Having a look on the side I notice a weird 4 pin header and a label on back that says it’s actually a USB port. Kind of weird. So I open it up to see what’s it like.

I find out I’m extremely lucky as a Micro USB connector not only fits but the pinout is almost aligned straight. So I rip apart a wire for a strand or 2 and get to soldering.

After soldering and plugging it it it starts up. Yes! So now I plug it to my PC and once again it starts up and then loaded a storage device. How lucky is this woman. It was fun and took about 20 minutes. Need to test the music but yeah it’s alive.

Learning Python w RGB Strip Controller

Hey everyone, been busy with work lately but had a long weekend, kind of vacation with all the storm stuff happening. Ive taken that time to pickup Python which is a funky language to be honest but a needed tool to learn especially if i want to start a career in programming. I know im a bit old to be changing careers but its my life and i want to do what makes me happy. Programming makes me happy, building and designing are the sprinkles on my life which is ice cream lol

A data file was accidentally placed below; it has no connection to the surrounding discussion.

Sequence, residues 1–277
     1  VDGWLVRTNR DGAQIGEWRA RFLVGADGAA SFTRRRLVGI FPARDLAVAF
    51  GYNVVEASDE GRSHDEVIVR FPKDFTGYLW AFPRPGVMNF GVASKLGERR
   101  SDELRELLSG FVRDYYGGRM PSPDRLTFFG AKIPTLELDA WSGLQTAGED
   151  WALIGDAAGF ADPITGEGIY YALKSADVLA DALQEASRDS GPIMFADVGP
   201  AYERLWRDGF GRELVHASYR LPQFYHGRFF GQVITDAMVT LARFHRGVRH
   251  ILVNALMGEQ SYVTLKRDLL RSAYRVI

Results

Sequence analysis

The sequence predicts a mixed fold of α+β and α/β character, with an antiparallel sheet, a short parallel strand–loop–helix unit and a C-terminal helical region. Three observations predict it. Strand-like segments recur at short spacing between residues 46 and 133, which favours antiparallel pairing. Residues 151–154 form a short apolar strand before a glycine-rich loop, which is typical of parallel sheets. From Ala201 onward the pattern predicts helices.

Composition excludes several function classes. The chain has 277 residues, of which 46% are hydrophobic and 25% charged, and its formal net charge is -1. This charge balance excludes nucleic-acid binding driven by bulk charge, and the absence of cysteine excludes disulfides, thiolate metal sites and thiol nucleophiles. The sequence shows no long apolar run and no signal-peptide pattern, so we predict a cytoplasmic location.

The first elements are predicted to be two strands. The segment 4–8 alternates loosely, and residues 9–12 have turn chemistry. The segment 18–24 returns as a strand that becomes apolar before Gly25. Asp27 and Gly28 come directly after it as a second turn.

While i dont know much i learned enough about list, tuples and variable stuff along with my current knowledge of how most of these things work. I was able to create a simple serial program to communicate with a PCB im currently designing.

The program itself is nothing crazy. As of now its a simple program where you enter the color and the amount on you want for the PWM. Just to control color. I dont even know what led strips i will be using yet but the main program will do for now. It doesnt even have a GUI and is all command line driven.

The PCB ive designed is for a simple RGB strip with no controller IC. Non addressable i think they call them. The PCB itself can be easily modified for Addressable RGB Strips though, so i’m not worried.

Here is a quick video of the program so far and a picture of the PCB design.


So ive been busy designing some new boards I call AtomICs. The main reason for them will be to allow people to create more using breadboards. Testing designs and having fun. There will be more to come but here is a peek at what’s currently made.

These are my 2 level shifters. 2 Channel and 4 Channel Level Shifters. These are great for those projects where you need to interface I2C or SPI from 5v to 3.3v systems.


Hah.. yeah I made this for the dipDuino but I guess since it’s adjustable it can be used for others… Here are some pics.